The Lances contend the trial court erred in granting defendants' motion for summary judgment, arguing that genuine issues of material fact remain as to defendants' liability for failing to warn her of the known danger of inserting a gastric bubble into a patient with an "incisional" hernia. Defendants contend they had no such common-law duty to warn because of federal preemption under the MDA. See 21 USC 360k (a).
"The Supremacy Clause of the United States Constitution dictates that federal law preempts inconsistent state law. U. S. Const., Art. VI, cl. 2. 'Pre-emption may be either express or implied, and is "compelled whether Congress' command is explicitly stated in the statute's language or implicitly contained in its structure and purpose." Jones v. Rath Packing Co., 430 U. S. 519, 525 (1977).' Fidelity Federal Savings & Loan Association v. de la Cuesta, 458 U. S. 141, 152 (102 SC 3014, 73 LE2d 664) (1982). Although it is often necessary to examine legislative history to determine whether Congress intended to preempt state law, 'when a federal statute unambiguously precludes certain types of state (law), we need go no further than the statutory language to determine whether the state (law) is preempted.' Exxon Corp. v. Hunt, 475 U. S. 355, 362 [(106 SC 1103, 89 LE2d 364) (1986)]." Poloney v. Tambrands, Inc., 260 Ga. 850 (1) (412 SE2d 526)
. In the absence of express preemptive language, Congressional intent may be inferred "where the scheme of federal regulation is sufficiently comprehensive to make reasonable the inference that Congress 'left no room' for supplementary state regulation. Rice v. Santa Fe Elevator Corp., 331 U. S. 218, 230 (1947)." Hillsborough County, Fla. v. Automated Med. Laboratories, 471 U. S. 707, 713 (105 SC 2371, 85 LE2d 714).
In the case sub judice, defendants cite no specific federal provision imposing a duty upon them to warn consumers of dangers associated with use of the gastric bubble and they assert no persuasive argument that federal regulation leaves no room for supplementary state regulation requiring warning labels or notices for devices similar to the gastric bubble. Further, we have examined the MDA and find no barriers to state regulations of medical devices similar to the gastric bubble. See Hillsborough County, Fla. v. Automated Med. Laboratories, 471 U. S. 707, 713, supra. Compare Poloney v. Tambrands, Inc., 260 Ga. 850 (1)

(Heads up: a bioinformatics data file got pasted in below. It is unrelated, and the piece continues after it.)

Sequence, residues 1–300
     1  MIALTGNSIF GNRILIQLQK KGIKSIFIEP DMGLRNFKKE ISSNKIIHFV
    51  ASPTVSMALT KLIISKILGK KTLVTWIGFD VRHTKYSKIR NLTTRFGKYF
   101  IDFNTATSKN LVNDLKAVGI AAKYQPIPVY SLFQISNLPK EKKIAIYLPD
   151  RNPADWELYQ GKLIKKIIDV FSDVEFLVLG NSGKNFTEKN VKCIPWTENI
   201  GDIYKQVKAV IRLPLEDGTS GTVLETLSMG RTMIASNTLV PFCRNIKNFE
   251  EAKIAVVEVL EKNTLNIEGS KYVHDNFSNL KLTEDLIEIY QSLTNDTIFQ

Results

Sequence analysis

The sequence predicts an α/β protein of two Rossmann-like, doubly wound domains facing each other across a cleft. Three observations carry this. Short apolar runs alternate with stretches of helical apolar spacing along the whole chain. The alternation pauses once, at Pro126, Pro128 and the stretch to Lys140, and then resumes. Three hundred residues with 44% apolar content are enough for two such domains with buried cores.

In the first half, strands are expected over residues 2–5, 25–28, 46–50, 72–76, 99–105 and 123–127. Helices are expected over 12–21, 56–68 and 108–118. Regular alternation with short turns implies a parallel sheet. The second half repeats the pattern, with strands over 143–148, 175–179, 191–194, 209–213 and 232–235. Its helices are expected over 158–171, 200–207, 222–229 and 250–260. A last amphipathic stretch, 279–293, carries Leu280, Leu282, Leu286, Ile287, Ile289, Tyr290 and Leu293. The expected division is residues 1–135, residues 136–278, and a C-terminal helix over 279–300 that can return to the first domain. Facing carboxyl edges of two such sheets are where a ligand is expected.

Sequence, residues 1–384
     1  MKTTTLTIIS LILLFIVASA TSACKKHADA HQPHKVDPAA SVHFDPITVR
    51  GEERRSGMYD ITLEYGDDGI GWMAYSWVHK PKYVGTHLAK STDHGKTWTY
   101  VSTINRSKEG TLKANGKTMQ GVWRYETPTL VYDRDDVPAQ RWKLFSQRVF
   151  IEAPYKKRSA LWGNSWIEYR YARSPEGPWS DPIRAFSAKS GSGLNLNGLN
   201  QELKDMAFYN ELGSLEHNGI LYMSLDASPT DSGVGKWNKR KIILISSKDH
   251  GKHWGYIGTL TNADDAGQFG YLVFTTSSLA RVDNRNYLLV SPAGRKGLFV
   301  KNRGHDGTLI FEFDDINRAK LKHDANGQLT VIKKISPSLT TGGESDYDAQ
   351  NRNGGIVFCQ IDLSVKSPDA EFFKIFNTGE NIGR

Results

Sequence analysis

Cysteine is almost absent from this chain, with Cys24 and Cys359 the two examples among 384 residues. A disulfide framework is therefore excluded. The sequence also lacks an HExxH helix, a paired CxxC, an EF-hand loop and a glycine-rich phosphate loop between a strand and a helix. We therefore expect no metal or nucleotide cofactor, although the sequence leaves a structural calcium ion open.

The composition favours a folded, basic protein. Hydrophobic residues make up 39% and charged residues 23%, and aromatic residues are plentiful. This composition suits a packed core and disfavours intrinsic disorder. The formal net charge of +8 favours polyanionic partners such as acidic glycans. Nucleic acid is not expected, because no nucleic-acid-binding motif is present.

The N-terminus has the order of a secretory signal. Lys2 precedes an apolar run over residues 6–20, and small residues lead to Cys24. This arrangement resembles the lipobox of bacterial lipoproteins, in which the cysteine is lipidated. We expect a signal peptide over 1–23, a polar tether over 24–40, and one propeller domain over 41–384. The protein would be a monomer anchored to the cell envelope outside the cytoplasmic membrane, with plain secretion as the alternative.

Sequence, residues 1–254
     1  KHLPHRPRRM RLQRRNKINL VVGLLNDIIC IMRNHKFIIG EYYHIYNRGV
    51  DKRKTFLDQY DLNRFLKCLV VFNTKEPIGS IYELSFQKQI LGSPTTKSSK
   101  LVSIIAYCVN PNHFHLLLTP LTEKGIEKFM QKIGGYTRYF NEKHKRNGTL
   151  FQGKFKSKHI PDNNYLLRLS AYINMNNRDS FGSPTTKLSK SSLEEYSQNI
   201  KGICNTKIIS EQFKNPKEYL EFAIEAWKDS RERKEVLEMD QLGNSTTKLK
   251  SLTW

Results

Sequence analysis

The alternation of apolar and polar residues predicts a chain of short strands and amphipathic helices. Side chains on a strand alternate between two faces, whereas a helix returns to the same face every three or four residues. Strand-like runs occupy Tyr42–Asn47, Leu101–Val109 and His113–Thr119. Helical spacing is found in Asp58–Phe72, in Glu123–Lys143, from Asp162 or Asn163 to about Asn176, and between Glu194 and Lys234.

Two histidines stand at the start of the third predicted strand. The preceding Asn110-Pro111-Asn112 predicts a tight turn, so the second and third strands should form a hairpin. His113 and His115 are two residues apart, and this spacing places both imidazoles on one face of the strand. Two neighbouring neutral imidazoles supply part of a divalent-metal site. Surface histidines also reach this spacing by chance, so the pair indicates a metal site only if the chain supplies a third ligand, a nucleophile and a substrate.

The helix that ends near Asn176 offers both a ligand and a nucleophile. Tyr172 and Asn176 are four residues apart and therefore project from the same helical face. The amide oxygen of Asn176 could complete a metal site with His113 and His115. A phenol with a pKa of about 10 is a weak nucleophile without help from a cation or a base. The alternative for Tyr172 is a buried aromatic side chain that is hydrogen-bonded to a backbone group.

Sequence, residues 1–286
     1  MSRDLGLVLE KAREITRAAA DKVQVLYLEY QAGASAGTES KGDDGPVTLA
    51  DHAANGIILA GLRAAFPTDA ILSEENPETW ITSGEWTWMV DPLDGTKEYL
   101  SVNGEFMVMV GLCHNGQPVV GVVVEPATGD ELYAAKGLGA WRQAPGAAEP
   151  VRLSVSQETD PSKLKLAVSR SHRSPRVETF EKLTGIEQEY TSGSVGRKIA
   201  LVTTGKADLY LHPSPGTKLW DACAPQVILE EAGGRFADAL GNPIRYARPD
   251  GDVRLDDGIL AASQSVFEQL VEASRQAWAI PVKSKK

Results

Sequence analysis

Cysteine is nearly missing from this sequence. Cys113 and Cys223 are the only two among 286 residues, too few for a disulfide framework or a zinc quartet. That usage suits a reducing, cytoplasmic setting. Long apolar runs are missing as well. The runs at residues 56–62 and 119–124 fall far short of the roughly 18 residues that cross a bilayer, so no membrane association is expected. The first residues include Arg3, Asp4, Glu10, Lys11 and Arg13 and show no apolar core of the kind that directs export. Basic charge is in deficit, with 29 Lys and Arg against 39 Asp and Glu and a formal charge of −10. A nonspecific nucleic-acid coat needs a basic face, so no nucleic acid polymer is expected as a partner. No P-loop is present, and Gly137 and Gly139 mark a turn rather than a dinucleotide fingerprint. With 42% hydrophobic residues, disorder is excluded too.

, supra. It therefore appears the trial court erred in granting defendants' motion for summary judgment "based on the preemption doctrine." However, we find no error in the trial court's ruling that defendants had no duty to warn Ms. Lance of dangers associated with use of a gastric bubble in patients with abdominal hernias.
In Walker v. Jack Eckerd Corp., 209 Ga. App. 517 (434 SE2d 63)
, a majority of the Court of Appeals of Georgia held that pharmacists have no common-law duty to warn a customer or notify a physician that a drug is being prescribed in a dangerous amount, stating that it is the duty of the prescribing physician to warn the patient of any dangers associated with taking the drug. Id. at 520 (2), 522, supra. This court reasoned that the duty to warn was solely with the treating physician because the decision to employ prescription medication involves professional assessment of medical risks in light of the physician's knowledge of a patient's particular needs and susceptibilities. Walker v. Jack Eckerd Corp., 209 Ga. App. 517
, 520 (2), 521, supra. This same logic applies in the case sub judice.